Issue 102

Goodbye, hello, and moth cells

Dec. 31, 2020

Hello friend! Welcome to Scrap Facts.

I'm a reporter covering health and science with insatiable curiosity. I love everything I learn, not all of which gets its own story. Each issue, I'll bring you some of my favorite facts that I picked up on the job or while out living life.

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Goodbye, 2020. Let the door hit you on your way out.

Friend, your reading this newsletter means that you have reached the end of the 366 (give or take a 100,000) days of 2020. I’m proud of you for it, and I guarantee that if you look back on this time, you’re proud of something you did, too. Maybe you baked a really great cake, maybe you read a book you really loved, maybe you created something. Maybe you just made it. It all counts.

If you REALLY can’t think of anything off the top of your head, I’m telling you now that you’ve made me feel really happy and honored for reading this newsletter—so thank you! I’m wishing you a peaceful transition into 2021.

Speaking of which…

Say hello to Age

Next year, every two weeks I’m going to send you Age, an originally reported newsletter on aging research. It may highlight of a paper I’ve read recently, bits of a conversation I’ve had with a researcher, or it may be something else. The goal of Age is to answer the question, “What does time to do life?” and hopefully shed to some insight on what we can learn from that.

You don’t have to do anything to sign up, and Scrap Facts will still find your inbox once a month. All will remain free of charge—the best thing you can do to support me is hype me up and get your friends to subscribe!

And finally a true scrap fact, the last Covid-19 vaccine candidate to reach phase 3 clinical trials uses moth cells as manufacturing plants.

Found while reporting: What is the Novavax vaccine, and how does it work?

Novavax, a late-blooming company even by biotech standards, is on its last leg: For 20 years, the Cambridge-based company has been working on vaccines, but none have made it out of clinical trials. This week, it caught a big break: its Covid-19 vaccine that made it to phase 3 trials here in the US.

According to Science Magazine, Novavax makes its vaccine with cells from a fall armyworm moth. Scientists infect these cells with a genetically edited virus, which tricks the moth cells into producing a lab-grown version of the spike protein found on the SARS-CoV-2 virus. This manufactured spike protein, plus an ingredient called an adjuvant which works like a hypeman for your immune system, make up the vaccine.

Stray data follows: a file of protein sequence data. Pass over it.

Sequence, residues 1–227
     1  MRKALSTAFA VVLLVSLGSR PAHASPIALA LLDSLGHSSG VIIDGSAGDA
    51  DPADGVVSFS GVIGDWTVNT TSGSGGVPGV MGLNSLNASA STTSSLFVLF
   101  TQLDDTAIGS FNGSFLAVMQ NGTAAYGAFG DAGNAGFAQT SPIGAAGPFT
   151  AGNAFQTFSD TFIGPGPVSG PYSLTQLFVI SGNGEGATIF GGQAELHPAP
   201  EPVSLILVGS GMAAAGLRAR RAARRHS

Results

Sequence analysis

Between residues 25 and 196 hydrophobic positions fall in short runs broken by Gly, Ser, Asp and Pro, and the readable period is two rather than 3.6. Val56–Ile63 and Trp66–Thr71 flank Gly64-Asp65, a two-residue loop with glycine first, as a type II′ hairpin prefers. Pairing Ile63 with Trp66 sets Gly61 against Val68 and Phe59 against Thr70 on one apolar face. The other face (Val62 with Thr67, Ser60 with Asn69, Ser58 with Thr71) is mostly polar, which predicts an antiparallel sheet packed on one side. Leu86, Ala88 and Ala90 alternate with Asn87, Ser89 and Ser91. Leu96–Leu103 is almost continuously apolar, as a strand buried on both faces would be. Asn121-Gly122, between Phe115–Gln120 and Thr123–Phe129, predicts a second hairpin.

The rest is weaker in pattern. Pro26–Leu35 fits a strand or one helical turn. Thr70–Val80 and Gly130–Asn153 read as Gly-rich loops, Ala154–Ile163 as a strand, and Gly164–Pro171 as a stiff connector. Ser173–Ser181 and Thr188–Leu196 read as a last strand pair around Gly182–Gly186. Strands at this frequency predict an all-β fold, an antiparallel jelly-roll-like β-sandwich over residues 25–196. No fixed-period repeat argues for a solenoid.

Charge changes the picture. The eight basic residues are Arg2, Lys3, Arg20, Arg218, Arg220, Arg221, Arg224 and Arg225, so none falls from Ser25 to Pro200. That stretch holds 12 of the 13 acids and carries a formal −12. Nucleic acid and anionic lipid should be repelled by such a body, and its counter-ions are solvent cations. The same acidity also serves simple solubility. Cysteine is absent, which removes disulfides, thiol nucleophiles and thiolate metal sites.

Why moth cells? No idea—but it’s the same technique the company’s employed while developing its flu vaccine for older adults (which is also in phase 3 trials).

For those of you keeping track, this subunit vaccine is the only one that has made it through phase 3 clinical trials. Pfizer/BioNtech’s and Moderna’s vaccines are both mRNA vaccines (a new platform), and AstraZeneca’s and Janssen’s vaccines both use genetically modified adenovirus for a recombinant vector vaccine. Two of the vaccines in late-stage trials in China from Sinopharm and Sinovac use a killed virus; another one from Sinovac licenses out BioNTech’s mRNA vaccine; and a fourth from CanSino is another recombinant vector vaccine. Interestingly, for all those different vaccine platforms, they all target the SARS-CoV-2 spike protein…which may affect the way the virus mutates in the future. But let’s not worry about that now!

Other stuff you may have missed:

I interviewed Atul Gawande about resiliency. At the end of the conversation, he told me his dream dataset would be diaries of everyone’s life, because all the other surveys we collect are clearly missing why people behave the way they do. He also recommended Ted Chiang’s Exhalation—it’s a collection of short science fiction, which he says brought out some of the tangled realities of living through an uncontrolled pandemic.

Even more of your genuine vaccine questions answered:

There is no such thing as a stupid question about Covid-19 vaccines; in fact, you arguably should have questions about any drug that you and ~7 billion of your closest friends will receive one day. We at Quartz are committed to giving you researched, calm answers to all of these questions in ways that will hopefully make you feel a little more assured.

Lab space is the hottest commercial real estate. This kind of specialized workplace has thrived while other offices have become ghost towns.

A tale of two vaccines. The Pfizer/BioNTech and Moderna vaccines are super similar—but the companies building them show the evolving business models of pharma companies.

The first Covid-19 vaccines have launched us into a new era of pharmaceuticals. Nanoparticles like the ones used in mRNA vaccines could make the Magic School Bus a reality.

The pandemic can’t stop sunrises. We don’t have New Year’s parties this year, but you can still ring in another trip around the sun with a little tranquil beauty.

That’s all for now—stay curious, friend ❤️

If you love Scrap Facts, consider hitting the “like” button at the bottom of this page, or sending it to a friend. You can also send your own scrap facts to to be featured in future editions. Wanna keep in touch outside of this newsletter? Follow me on Twitter and Instagram.

Top image by E. Y. Smith, headshot drawing by Richard Howard.